Unn the Deep-Minded

In celebration of International Women’s Day, I want to make mention of one of my favorite Viking women—Unn the Deep-Minded.

download (3)Unn’s story is told in the Laxdaela Saga, one of the Sagas of the Icelanders, stories written down in the 13th and 14th centuries detailing accounts of the lives of certain Icelandic families living in the 10th and 11th centuries.

Unn’s father, Ketil Flatnose married her to Olaf the White, who was the King of Dublin in the 850’s. They had a son Thorstein the Red, who we will meet later.

Ketil Flatnose had to flee Norway after Harald Finehair became the king as there was much bad blood between them and Ketil was sure that Harald meant to kill him and all his sons off one by one. Flatnose then traveled to Scotland where he was well received by the men of rank there and they offered him to settle wherever he wanted.

Flatnose and his kin (including Unn, whose husband was dead by then) settled in Scotland, all except Thorstein the Red, Unn’s son. Thorstein raided Scotland and became a scourge to the Scots as he was quite successful with his raiding. He eventually made peace with the Scots but they betrayed him and killed him.

Back to Unn…when her son Thorstein was killed she was living in Caithness. When she heard that her son had been killed, she figured her prospects for living in Scotland were pretty dim. Her father had also died by this time.

Model of a knarr

Model of a knarr

Unn, crafty and smart, hid in the forest in Caithness and had a knarr (a Viking ship) built in secret. Once the ship was built and the winter over, she gathered all her kinsmen and their combined, and considerable, wealth, and escaped from Scotland. No one was the wiser!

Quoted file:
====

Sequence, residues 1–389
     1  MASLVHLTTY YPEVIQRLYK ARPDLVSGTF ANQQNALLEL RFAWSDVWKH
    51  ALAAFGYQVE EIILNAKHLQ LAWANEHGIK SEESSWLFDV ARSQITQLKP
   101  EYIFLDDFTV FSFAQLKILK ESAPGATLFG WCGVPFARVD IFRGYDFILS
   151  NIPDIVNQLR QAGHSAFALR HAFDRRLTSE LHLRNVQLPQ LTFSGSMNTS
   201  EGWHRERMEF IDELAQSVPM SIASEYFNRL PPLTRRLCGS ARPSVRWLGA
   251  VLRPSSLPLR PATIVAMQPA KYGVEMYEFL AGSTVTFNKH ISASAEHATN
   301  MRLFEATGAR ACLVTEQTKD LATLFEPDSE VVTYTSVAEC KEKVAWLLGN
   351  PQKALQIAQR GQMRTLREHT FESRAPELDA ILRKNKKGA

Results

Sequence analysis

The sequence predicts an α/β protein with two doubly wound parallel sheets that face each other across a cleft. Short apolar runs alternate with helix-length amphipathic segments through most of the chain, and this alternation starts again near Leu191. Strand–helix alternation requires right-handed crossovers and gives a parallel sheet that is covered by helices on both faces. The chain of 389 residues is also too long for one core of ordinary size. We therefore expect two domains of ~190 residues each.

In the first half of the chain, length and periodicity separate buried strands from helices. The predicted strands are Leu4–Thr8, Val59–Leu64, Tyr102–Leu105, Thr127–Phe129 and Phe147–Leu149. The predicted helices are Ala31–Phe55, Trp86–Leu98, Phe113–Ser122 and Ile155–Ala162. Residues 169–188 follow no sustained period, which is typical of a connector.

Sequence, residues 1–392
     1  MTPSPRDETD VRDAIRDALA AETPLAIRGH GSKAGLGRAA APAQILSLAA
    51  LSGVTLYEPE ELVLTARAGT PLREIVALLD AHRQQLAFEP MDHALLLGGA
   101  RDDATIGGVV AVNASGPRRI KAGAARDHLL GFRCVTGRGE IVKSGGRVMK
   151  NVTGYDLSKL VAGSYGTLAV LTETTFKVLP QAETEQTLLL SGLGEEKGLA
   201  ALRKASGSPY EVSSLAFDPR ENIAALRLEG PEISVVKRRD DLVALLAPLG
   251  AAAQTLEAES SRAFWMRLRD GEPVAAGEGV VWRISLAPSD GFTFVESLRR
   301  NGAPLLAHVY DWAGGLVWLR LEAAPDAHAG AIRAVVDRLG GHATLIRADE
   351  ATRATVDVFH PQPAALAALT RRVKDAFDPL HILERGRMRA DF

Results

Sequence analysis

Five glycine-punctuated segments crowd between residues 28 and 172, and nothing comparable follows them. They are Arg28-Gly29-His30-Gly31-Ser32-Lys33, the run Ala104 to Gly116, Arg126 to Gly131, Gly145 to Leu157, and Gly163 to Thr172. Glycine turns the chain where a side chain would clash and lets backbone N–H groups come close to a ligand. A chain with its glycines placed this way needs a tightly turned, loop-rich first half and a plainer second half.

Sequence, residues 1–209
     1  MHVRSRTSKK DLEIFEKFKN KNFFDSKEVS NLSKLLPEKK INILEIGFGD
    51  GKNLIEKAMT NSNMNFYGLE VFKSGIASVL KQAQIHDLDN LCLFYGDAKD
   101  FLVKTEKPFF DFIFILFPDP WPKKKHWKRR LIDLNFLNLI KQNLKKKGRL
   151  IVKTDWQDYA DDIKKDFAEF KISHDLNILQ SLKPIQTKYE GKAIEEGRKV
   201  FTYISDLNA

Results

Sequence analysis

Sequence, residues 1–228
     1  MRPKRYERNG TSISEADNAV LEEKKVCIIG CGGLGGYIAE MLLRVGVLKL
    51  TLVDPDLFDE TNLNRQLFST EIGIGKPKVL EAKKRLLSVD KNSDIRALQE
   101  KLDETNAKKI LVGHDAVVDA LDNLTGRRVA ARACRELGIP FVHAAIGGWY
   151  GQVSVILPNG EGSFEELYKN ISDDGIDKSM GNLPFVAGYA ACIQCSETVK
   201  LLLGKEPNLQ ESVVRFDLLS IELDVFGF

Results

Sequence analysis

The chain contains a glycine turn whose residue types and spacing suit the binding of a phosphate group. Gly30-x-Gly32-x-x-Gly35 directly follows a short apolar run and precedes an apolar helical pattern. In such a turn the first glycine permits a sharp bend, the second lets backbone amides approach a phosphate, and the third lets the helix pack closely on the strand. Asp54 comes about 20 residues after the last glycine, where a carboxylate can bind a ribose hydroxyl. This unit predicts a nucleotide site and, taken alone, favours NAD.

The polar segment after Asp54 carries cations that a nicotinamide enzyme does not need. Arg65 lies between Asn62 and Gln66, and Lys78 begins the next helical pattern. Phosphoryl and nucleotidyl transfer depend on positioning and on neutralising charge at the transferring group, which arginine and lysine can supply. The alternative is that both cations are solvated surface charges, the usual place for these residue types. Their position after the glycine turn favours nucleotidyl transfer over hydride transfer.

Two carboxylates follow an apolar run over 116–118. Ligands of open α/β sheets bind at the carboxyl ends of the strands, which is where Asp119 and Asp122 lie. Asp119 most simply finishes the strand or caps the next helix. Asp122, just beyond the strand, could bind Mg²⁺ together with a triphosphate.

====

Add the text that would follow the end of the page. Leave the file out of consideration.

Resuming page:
They first went to the Orkneys and stayed for a while, and Unn married her granddaughter to a wealthy earl. According to the saga all of the earls of Orkney were descended from Unn’s granddaughter and her husband. After the Orkneys, Unn and her band traveled to the Faroe Islands where she married another granddaughter to an earl there.

Unn was a busy woman and her legacy flowered in all of the Viking establishments!

Her final destination—Iceland, where two of her brothers lived. She met one brother who treated her stingily (which she did not appreciate!) so headed off to stay with her other brother. He treated her well, so she wintered with him.

From there she sailed around Iceland claiming much land as her own, finally settling in Hvamm. Once settled, Unn was very generous! She told her followers, “for your services you will be rewarded; we have now no lack of means to repay you for your efforts and your loyalty.” She freed her slaves (most wealthy Vikings had slaves) and gave them land too.

When her grandson married in Iceland, Unn hosted a huge wedding feast for him. Everyone who attended marveled at its magnificence. As the evening progressed, Unn, who was an old woman, grew tired and retired to her bed. In the morning her grandson found her dead.

Unn had died, “sitting upright among the pillows,” and everyone at the feast was impressed at how well Unn had kept her dignity, even in death.

I love Unn’s story. Her perseverance, strength of character, bravery, intelligence, dignity, and generosity. We don’t hear much about Viking women, but Unn is a wonderful example of the fortitude of women in the Viking age.

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